But it worked. I dodged people who were slower than me (oh my god the lack of race etiquette!) and tried to stay out of the way when speedier folks approached. The halfway-done mark was on the bridge. From there, I just had to get to mile 10, where my friend was waiting to run me into the finish, and then 13.1, where A and my roommate and his girlfriend would be waiting for me.
Just past the bridge, I reapplied some stuff to my knee to ward off the pain creeping in, shot another Gu, and took off. I was slower and my stomach was grumbling (never trust a fart after mile 4, my roommate’s running mantra, repeated over & over in my head) but I kept plodding. Walking some, running some, enjoying the sights and sounds of the city and its runners. Around mile 8, I checked my phone and saw Tricia wasn’t meeting me at mile 10 but at 12. I was bummed, but it motivated me to get to 12 faster. From 8 to 12 was sort of all a blur. I had crossed the bridge, I didn’t really know the rest of the route, and I just wanted to finish. I kept checking behind me for the Sag Wagon but all i saw were other slow people, like me. I figured I must have been in good shape.
I saw Tricia at mile 12, where I got to bitch about the pinch in my hip I had stopped to stretch a few times, celebrate the minimal knee pain I was experiencing, and lament my sweatiness (the humidity is still not my friend). I got a side stitch, walked it out, and picked up the pace for us. I dropped it. I picked it up. Once the finish line was in sight, I felt relieved. I wanted to take off my shoes and kiss my boy and get a beer. Tricia told me she was going to amble off and not cross the finish line with me since she hadn’t run the full race, and then I saw the clock.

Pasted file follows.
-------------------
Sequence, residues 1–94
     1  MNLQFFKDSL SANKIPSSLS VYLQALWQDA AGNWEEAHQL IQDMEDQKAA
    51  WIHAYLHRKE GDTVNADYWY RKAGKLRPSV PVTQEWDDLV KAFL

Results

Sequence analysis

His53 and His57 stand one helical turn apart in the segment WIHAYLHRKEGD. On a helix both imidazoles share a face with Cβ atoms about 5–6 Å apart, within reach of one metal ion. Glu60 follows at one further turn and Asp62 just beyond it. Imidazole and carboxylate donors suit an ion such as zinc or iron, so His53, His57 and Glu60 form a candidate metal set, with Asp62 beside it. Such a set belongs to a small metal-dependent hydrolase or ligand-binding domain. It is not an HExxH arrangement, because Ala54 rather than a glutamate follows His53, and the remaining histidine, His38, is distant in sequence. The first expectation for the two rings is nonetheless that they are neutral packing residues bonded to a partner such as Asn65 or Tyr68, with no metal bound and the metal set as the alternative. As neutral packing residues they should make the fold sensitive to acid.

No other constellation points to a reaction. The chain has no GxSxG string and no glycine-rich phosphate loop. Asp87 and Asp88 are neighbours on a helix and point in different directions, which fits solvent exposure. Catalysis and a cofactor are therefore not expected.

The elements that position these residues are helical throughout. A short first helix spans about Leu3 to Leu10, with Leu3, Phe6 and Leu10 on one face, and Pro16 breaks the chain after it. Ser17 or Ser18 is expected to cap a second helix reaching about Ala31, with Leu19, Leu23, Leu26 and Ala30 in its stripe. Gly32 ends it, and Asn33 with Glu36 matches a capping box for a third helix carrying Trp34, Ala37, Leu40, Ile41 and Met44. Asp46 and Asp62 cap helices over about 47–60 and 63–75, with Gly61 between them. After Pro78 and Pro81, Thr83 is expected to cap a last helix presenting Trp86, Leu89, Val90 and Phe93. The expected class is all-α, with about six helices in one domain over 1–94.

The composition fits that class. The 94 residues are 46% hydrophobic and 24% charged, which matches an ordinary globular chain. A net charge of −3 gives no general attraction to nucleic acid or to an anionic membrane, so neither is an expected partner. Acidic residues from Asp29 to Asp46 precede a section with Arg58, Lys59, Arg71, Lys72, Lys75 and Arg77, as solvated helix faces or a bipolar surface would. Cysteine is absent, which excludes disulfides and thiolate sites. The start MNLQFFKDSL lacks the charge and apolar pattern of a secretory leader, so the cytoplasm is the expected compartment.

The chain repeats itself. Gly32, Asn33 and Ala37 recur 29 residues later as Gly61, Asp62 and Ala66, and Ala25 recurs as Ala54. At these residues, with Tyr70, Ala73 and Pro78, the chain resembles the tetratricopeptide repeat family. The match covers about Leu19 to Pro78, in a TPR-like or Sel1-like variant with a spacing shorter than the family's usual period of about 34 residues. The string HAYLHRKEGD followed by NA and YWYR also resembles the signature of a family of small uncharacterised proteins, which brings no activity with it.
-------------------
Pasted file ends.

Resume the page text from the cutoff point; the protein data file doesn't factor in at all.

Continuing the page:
It was around 2:40 something. I started before the clock, so I figured I must have just been barely over 3 hours. My heart and my legs thrilled to it, so even though my lungs were on fire, I ditched Tricia at the fastest sprint of my life, craving a finish in just over 3 hours. That would be so much better than 3:45, it’s insane, I thought.
I ran as hard and fast as I could. I heard the crowd noise pick up as I took off, so I went harder and faster. I could barely see and breathing was forgotten. I didn’t notice any of my adoring fans (the roommate, girlfriend, A, or Tricia), or even bother trying to find anyone’s eyes aside from a cursory scan as I sprinted past.
I crossed the finish line thinking about what the announcer had said over 3 hours ago - “I don’t know why everyone behind you (the elite runners and first wave) is in such a hurry; you’re all going to the same place - enjoy the scenery!” and wanted to find my people.
Just over three hours. For an anticipated 3:45 and a hoped for 3:30.
I was elated. I was getting hangry and my feet hurt but I was elated. I didn’t hurt as bad as I expected and I managed to beat my own dejected expectations.
And little did I know, when the dust settled, I hadn’t finished in just over three hours. Despite my confidence I was slow and steady and pushing over 3, my official time was 2:59:30.